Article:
In horse racing, the groom leads the horse to the saddling paddock, a trainer and a valet saddle it, and a jockey mounts it. The horse is led by a pony horse and rider, warmed up and loaded into the starting gate. Racehorses can become excited, and the noise of a race can further excite and frighten the horse. The groom takes a winning horse to a drug test barn for blood and urine samples. The groom must then cool the horse down with a bath, walking and sipping water.

A groom cares for the performance horse and is responsible for brushing and bathing it, saddling it for the exercise rider, applying any protective bandages or boots to its legs, cleaning the stall and bedding down straw, shavings, peat moss, peanut skins, shredded newspaper or even rice hulls. The groom or a “hot” walker walks the horse; sometimes a mechanical walker is used. The groom feeds the horse hay, grain and water, rakes and sweeps, washes the horse’s laundry and carts manure away in a wheelbarrow. The groom holds the horse for others such as the veterinarian or farrier (farrier work is traditionally done by a blacksmith). All horses require parasite control, hoof care and teeth-filing.

Performance horses are typically stabled and given daily exercise. However, young stock and pleasure riding horses are generally stabled at night and released during the day, while others are kept outdoors in paddocks or pastures with sheds for shelter. Race horses in training are fed three or four times a day, while show horses, other performance horses, and breeding stock are fed twice a day. Range or ranch stock are fed once a day, depending on the forage present.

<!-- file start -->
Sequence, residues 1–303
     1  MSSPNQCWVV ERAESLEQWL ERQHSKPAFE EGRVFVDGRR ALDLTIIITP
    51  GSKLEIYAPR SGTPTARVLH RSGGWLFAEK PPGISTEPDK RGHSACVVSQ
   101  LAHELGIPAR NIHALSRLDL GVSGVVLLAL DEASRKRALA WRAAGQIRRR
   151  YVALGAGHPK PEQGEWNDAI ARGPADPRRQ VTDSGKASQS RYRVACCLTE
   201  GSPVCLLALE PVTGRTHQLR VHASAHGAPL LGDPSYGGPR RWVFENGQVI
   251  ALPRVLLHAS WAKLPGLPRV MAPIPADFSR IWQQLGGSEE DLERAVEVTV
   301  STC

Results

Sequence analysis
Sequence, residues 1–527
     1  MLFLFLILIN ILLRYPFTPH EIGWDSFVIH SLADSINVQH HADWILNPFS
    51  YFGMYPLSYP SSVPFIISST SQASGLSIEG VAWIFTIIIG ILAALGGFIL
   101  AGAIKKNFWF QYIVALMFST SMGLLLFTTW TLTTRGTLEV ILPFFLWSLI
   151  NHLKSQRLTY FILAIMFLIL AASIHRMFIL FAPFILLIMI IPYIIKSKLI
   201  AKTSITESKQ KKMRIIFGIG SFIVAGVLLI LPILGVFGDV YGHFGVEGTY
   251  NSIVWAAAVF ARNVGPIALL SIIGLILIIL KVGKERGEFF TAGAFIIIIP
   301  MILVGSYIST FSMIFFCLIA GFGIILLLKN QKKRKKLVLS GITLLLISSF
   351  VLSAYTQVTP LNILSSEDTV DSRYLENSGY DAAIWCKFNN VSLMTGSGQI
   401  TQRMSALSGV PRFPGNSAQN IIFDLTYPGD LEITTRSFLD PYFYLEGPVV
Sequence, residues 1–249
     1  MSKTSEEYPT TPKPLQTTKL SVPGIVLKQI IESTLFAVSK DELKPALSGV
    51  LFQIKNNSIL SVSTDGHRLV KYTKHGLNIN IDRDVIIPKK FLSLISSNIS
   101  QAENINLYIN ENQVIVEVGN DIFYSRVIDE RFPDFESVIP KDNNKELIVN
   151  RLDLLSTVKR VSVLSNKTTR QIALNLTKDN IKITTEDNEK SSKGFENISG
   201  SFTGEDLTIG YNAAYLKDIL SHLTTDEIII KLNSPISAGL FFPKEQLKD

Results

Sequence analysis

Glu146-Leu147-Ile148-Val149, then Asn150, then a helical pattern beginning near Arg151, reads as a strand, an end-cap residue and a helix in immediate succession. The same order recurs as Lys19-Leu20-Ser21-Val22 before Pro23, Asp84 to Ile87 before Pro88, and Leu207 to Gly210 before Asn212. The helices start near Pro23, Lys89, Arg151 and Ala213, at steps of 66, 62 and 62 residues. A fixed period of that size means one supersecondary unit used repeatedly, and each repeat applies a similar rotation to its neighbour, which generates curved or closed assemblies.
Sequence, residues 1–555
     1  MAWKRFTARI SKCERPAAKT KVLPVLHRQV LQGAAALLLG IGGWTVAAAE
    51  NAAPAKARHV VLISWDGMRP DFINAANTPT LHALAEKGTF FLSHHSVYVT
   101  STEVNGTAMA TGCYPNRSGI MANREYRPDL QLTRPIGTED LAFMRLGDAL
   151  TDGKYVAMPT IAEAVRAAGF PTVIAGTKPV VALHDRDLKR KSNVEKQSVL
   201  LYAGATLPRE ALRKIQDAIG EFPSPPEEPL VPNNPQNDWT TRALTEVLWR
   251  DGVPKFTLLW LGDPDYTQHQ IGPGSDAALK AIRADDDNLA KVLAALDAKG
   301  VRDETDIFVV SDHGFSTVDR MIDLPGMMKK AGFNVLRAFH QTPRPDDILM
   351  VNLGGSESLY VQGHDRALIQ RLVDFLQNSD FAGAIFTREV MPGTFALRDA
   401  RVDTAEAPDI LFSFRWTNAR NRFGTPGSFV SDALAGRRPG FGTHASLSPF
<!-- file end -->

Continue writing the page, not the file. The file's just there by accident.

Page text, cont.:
Horses travel for many reasons: shows, races, for breeding or to riding trails. Most are shipped by truck or trailer; however, some travel by rail or plane to major events.

Hazards and Precautions

Several hazards are associated with working around horses. A groom has a physically demanding job with a lot of forking of manure, moving 25 to 50 kg hay and straw bales and handling active horses. Startled or threatened horses may kick; thus, workers should avoid walking behind a horse. A frightened horse may jump and step on a worker’s foot; this can also occur accidentally. Various restraints are available to handle fractious horses, such as a chain over the nose or a lip chain. Stress on horses due to shipping may cause balking and injuries to the horses and handlers.

The groom is potentially exposed to hay and grain dust, dust from bedding, moulds, horse dander and ammonia from the urine. Wearing a respirator can provide protection. Grooms do a lot of leg work on the horses, sometimes using liniments containing hazardous chemicals. Gloves are recommended. Some leather-tack care products can contain hazardous solvents, requiring ventilation and skin protection. Cuts can lead to serious infections such as tetanus or septicaemia. Tetanus shots should be maintained current, especially because of exposure to manure.

A farrier is exposed to injury when shoeing a horse. The groom’s job is to hold the horse to keep it from kicking the farrier or pulling its foot in a way that could strain the farrier’s back or cut the farrier with the horseshoe and nails.

In the drug test barn, the test person is enclosed in a stall with a loose, excited and unfamiliar horse. He or she holds a stick (with a cup for urine) that may frighten the horse.

When riding horses, it is important to wear a good pair of boots and a helmet. Any mounted person needs a protective vest for racing, jumping, rodeo broncs, and ponying or exercising racehorses. There is always a danger of being bucked off or of a horse stumbling and falling.